About Papier-mâché: French for “chewed paper”, is a composite material consisting of paper pieces or pulp, sometimes reinforced with textiles, bound with an adhesive, such as glue, starch, or wallpaper paste. For the paper strips method, the paper is cut or torn into strips, and soaked in the paste until saturated. The saturated pieces are then placed onto the surface and allowed to dry slowly.
The strips may be placed on an armature, or skeleton, often of wire mesh over a structural frame, or they can be placed on an object to create a cast. Oil or grease can be used as a release agent if needed. Once dried, the resulting material can be cut, sanded and/or painted, and waterproofed by painting with a suitable water-repelling paint. Before painting any product of papier-mâché, the glue must be fully dried, otherwise mold will form and the product will rot from the inside out.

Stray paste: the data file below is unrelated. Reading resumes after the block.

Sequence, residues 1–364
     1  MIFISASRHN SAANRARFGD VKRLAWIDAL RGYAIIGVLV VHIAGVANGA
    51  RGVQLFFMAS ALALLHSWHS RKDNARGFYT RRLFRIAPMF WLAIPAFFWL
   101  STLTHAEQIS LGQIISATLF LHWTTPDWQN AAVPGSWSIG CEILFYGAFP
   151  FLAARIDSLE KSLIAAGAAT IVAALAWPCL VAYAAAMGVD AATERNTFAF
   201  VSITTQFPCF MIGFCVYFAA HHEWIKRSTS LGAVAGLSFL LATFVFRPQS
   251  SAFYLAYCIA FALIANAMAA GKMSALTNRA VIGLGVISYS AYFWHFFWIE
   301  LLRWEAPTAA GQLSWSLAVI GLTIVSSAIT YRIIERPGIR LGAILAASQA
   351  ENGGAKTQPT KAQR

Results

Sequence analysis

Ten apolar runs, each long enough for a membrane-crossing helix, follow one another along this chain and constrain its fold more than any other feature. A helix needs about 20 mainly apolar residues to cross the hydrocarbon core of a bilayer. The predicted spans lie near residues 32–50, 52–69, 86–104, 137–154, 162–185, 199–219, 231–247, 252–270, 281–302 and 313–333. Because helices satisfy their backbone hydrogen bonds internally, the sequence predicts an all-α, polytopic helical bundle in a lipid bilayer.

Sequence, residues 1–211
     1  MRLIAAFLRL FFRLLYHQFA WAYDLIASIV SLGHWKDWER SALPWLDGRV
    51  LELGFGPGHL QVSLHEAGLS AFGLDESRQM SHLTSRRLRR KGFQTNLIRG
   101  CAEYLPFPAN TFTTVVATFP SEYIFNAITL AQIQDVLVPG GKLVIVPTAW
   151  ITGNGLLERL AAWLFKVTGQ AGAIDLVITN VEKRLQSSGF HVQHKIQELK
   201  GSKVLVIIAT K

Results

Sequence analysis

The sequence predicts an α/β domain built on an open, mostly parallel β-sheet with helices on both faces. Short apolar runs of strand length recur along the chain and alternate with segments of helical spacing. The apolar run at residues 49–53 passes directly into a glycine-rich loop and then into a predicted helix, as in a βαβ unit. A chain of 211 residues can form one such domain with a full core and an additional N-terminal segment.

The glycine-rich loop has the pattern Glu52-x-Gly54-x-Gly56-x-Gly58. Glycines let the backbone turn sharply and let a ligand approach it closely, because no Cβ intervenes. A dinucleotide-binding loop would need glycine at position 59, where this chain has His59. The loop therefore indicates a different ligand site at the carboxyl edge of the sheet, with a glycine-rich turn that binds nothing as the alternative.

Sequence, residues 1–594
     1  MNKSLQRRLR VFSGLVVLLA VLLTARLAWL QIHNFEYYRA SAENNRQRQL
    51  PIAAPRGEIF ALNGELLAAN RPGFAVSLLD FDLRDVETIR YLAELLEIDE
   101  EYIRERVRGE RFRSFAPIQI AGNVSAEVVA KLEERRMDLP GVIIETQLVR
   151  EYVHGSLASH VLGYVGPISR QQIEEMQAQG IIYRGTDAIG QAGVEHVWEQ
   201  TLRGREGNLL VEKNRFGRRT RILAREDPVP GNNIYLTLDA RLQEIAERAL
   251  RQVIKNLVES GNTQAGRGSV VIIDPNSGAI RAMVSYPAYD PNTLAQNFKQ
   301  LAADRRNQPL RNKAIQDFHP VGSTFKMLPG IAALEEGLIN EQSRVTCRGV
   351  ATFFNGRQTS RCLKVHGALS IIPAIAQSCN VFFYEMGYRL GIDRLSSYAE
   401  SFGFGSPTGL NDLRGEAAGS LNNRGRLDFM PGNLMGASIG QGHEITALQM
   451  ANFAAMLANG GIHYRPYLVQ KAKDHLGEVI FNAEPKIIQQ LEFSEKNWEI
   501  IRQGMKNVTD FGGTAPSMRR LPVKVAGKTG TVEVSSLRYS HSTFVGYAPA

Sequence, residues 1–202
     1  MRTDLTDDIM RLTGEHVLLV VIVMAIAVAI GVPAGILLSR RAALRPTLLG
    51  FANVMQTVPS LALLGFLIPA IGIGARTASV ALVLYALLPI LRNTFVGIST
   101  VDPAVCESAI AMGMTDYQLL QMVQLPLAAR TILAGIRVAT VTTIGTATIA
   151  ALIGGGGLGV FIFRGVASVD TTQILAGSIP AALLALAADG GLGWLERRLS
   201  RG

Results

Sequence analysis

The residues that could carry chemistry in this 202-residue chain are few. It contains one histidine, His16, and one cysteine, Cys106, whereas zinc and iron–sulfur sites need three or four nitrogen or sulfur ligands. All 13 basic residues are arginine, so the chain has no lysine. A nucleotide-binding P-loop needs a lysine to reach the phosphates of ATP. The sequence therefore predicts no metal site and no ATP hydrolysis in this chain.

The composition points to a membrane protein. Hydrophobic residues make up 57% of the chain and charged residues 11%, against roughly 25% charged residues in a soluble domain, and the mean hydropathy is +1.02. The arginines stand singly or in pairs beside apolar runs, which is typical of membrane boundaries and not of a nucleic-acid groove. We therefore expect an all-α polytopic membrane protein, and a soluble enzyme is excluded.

In ancient Egypt, coffins and death masks were often made from cartonnage — layers of papyrus or linen covered with plaster.In Persia and Kashmir, papier-mâché has been used to manufacture small painted boxes, trays, étagères and cases. Japan and China also produced laminated paper articles using papier-mâché. In Japan and India, papier-mâché was used to add decorative elements to armor and shields.

Bon Fet Dokte Koffee

On a sweaty January afternoon, a group of five Project HOPE Art volunteers stepped into a swirling jigsaw puzzle of human sounds, smells and sights. People were milling around on foot and taking up space in a collection of chairs that ranged from the three-legged plastic lawn chair propped on a wall to planks of wood carefully balanced on broken cinder blocks and rocks.
In the midst of the people hurricane was a dark-haired woman in a beige sunhat holding a clipboard. She put us to work painting, singing and embracing the members of the people hurricane.

oo-12 Over the years since that day (four+ years ago), the storm of people vibe has faded and turned into a sweet wealth of friendly faces who have become like family. They know we bring with us music, watercolors and sometimes when Liz Ancker is visiting: green eggs and ham sandwiches.